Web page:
The world’s never going to be a totally safe place and sometimes there’s just no avoiding danger. That said, we still need to set high standards and hold producers accountable when it comes to the safety of our food supply.
This week, Bloomberg Businessweek ran a long and pretty scary story about problems with the current system of third-party audits of food producers. The U.S. had 37 fruit and vegetable recalls last year, some of which were at farms and food production facilities that, just days before, had been certified clean and safe, according to an August 2012 study titled “Audits and Inspections Are Never Enough.”
One of those was Jensen Farms in Colorado, whose tainted cantaloupes led to a listeria epidemic that killed 33 people last year and led to a 17-state recall that came not long after Jensen’s third-party auditor awarded the company a top safety certification that meant its melons could be sold at Wal-Mart Stores and Wegmans. Listeria and other foodborne pathogens such as salmonella sicken about 48 million Americans each year, killing some 3,000, according to estimates from the Centers for Disease Control and Prevention.
Third-party auditors are for-profit companies that sometimes have financial ties to executives at the companies they audit, and their reports are private documents that the food companies are under no obligation to share, the report says. Additionally, the audits have largely taken over the food-safety role of the cash-strapped Food and Drug Administration. “There’s a fundamental conflict,” says Dr. David Kessler, who was an FDA commissioner from 1990 to 1997, and is now a physician and lawyer. “We all know about third-party audit conflicts. We’ve seen it play out in the financial world. You can’t be tied to your auditors. There has to be independence.”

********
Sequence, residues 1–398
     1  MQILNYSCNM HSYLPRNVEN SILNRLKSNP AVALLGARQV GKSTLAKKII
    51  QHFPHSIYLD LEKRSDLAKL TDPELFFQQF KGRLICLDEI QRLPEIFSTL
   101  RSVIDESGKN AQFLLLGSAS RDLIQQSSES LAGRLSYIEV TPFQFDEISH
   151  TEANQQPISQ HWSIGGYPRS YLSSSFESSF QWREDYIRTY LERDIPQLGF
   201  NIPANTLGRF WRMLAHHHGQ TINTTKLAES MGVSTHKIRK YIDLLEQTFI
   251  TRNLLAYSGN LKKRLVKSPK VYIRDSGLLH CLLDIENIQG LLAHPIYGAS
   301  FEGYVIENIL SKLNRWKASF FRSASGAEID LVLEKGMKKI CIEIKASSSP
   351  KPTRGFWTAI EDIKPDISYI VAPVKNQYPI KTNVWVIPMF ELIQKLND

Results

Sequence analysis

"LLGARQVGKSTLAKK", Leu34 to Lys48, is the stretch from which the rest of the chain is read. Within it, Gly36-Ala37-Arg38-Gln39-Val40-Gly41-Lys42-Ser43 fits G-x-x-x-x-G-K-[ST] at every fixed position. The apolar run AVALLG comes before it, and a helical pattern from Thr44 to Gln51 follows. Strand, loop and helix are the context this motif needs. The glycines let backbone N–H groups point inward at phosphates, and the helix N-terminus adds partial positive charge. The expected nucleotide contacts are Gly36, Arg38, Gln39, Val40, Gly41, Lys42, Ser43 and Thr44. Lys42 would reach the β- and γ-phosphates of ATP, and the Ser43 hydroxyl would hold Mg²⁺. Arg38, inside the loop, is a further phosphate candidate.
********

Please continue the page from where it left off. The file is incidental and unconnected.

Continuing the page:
The FDA’s efforts to get the billions of dollars it needs to wrest control back from the private sector resulted instead in the Food Safety Modernization Act, which authorizes the FDA to approve third-party auditors to certify companies in other countries that export food to the U.S. The agency will be privy to those reports, but the act doesn’t do anything to open up audit reports on U.S. companies, Bloomberg Businessweek reports.
Meanwhile, the outbreaks continue and carry the potential to devastate a restaurant’s reputation. The Associated Press reported last week that public health officials in Vancouver, Wash., have confirmed 13 cases of salmonella and are investigating an additional 33 suspected cases that trace back to a single On the Border restaurant.
Do you worry about the safety of the produce your restaurant serves? Share your concerns in the comments.